There are two types: liability insurance and cancellation insurance.
Liability insurance covers property damage to the wedding site and bodily injuries to attendees. “If one of your guests slips and falls on the dance floor, liability insurance will cover their medical bills up to the limits specified on your policy,” said Drew Purcell, the business development leader at Progressive Insurance, which is based in Mayfield Village, Ohio. “The most common wedding insurance we sell, by far, is general liability.”
Cancellation insurance provides reimbursement for the deposits made to vendors — i.e., your events space, caterer, band, photographer, florist — if you’re forced to cancel or postpone a wedding because of extreme weather, unexpected illness to the bride or groom (or an immediate family member), military deployment, or other reasons beyond your control. “Wedding cancellation insurance can also include special provisions that will reimburse the insured up to a specified limit for loss or damage of attire, jewelry, deposits, cake or gifts, even if the wedding continues as planned,” Purcell said.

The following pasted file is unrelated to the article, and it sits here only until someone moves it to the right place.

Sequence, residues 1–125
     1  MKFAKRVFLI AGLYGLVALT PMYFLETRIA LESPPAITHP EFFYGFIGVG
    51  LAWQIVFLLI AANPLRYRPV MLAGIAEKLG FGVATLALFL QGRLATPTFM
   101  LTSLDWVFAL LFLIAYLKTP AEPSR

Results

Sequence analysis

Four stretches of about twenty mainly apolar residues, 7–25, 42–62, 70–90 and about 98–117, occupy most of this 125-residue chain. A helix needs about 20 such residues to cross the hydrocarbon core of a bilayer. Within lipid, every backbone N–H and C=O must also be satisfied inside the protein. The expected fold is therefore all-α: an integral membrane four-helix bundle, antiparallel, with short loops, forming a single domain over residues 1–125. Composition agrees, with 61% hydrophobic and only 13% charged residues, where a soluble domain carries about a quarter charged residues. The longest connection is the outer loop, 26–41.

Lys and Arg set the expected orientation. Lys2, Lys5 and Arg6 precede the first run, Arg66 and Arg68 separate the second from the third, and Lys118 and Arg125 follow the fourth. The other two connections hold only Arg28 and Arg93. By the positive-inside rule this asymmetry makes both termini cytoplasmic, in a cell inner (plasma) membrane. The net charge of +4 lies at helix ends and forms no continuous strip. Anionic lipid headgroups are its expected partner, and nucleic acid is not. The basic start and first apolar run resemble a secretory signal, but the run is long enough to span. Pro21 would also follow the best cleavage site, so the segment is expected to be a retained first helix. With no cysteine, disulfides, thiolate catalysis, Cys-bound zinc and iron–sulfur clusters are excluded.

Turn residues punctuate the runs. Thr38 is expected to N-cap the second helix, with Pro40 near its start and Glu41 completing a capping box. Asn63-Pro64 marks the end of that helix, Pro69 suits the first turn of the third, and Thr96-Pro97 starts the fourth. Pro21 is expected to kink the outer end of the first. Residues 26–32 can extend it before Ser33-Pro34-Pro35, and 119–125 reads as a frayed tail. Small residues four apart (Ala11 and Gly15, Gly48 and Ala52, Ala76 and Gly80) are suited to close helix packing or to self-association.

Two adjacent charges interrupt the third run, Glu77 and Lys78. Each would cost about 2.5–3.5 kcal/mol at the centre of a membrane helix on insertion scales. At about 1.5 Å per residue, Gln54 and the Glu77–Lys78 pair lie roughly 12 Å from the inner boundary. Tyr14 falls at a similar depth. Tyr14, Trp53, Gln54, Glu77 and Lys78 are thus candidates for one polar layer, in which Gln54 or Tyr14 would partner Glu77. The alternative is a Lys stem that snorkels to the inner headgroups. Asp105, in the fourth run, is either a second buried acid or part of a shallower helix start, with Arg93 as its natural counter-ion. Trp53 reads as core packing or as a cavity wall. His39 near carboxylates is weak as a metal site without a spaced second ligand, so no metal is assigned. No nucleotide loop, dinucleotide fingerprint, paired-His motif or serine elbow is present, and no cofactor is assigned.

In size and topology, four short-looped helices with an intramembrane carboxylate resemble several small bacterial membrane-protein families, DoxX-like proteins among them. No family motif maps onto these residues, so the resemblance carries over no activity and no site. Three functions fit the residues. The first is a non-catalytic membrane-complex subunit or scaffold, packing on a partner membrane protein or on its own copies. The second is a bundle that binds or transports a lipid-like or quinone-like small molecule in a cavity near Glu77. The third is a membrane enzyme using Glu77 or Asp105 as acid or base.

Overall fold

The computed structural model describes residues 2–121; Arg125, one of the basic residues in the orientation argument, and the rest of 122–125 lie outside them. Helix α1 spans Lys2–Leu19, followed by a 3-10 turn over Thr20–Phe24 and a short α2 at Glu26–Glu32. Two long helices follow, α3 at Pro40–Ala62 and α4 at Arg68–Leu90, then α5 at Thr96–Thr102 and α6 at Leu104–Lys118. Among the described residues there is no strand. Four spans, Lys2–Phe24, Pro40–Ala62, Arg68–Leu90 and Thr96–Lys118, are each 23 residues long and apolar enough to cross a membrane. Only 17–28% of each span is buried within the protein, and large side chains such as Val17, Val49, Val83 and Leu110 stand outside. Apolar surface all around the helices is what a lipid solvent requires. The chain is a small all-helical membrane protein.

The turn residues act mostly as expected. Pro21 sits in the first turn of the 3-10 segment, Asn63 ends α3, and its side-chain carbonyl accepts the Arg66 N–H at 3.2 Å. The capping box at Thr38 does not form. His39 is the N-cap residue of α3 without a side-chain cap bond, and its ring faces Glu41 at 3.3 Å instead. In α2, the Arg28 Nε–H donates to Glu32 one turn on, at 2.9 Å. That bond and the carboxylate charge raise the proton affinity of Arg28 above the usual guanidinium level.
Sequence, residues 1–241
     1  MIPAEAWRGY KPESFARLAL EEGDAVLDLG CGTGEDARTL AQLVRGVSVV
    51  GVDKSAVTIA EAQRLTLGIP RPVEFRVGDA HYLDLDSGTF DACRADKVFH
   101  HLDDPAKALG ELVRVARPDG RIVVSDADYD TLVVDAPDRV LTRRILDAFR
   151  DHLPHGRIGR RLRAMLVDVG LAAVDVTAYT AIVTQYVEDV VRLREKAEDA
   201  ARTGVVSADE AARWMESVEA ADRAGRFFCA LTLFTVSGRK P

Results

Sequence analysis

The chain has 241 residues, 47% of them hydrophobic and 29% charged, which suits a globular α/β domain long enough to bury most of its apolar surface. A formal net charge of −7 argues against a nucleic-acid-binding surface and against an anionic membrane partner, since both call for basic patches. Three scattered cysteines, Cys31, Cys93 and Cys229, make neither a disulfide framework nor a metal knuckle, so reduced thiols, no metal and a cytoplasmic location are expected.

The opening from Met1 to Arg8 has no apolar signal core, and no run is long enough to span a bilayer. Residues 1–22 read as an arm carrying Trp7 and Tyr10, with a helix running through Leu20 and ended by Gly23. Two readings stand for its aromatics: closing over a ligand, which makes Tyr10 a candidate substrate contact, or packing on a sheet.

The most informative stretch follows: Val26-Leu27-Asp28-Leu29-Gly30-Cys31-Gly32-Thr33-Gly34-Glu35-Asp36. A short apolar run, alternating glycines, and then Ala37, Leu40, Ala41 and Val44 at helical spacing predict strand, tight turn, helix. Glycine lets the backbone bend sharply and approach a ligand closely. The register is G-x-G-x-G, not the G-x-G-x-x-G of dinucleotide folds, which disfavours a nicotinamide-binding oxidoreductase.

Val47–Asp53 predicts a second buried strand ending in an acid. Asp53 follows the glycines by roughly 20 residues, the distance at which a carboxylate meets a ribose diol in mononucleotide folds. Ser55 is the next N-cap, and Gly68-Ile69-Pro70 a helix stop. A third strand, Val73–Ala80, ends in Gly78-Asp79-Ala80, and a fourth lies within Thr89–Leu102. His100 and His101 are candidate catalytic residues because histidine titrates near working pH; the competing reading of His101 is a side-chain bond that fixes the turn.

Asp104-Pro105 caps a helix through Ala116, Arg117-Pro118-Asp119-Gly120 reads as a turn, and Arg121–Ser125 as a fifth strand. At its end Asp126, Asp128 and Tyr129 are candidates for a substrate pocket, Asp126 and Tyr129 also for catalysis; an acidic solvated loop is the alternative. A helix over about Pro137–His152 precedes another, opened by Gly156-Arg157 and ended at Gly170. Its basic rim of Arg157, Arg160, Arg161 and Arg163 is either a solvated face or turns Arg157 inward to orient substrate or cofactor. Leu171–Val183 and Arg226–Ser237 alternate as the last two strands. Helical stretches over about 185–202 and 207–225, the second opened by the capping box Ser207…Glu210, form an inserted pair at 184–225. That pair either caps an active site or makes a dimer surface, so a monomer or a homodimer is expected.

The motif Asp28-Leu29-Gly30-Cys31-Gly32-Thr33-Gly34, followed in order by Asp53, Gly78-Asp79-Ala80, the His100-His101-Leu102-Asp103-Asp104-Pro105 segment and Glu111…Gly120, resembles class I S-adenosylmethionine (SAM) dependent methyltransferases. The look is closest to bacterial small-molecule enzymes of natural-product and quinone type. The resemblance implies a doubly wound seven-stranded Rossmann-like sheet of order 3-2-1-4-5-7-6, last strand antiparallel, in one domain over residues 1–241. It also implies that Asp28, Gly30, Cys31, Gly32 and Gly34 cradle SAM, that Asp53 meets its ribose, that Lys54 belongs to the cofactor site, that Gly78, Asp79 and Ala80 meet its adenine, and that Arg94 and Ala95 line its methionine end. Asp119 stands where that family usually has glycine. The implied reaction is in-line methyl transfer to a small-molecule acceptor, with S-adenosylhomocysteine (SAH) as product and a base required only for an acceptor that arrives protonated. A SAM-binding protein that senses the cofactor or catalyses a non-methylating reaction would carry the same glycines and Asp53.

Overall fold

What cancellation insurance doesn’t cover is a change of heart, said Todd Shasha, the managing director of personal insurance product management at Travelers Insurance, which is based in New York. “There’s no insurance for a runaway bride or runaway groom,” he said.
How much does it cost?
Costs vary, depending on a number of factors, such as the venue, length of the event, location, number of guests and amount of coverage you need. As a benchmark: A liability insurance policy, providing $1 million of coverage, starts at around $175 from Allstate Insurance, which is based in Northbrook, Illinois. Bill Borst, a vice president of Allstate, said a cancellation policy providing $7,500 in coverage costs about $130. Customers can obtain discounts by bundling insurance plans, he added. For example, a wedding insurance plan that offers both $1 million of liability coverage and $7,500 of cancellation coverage costs as low as $275 from Allstate.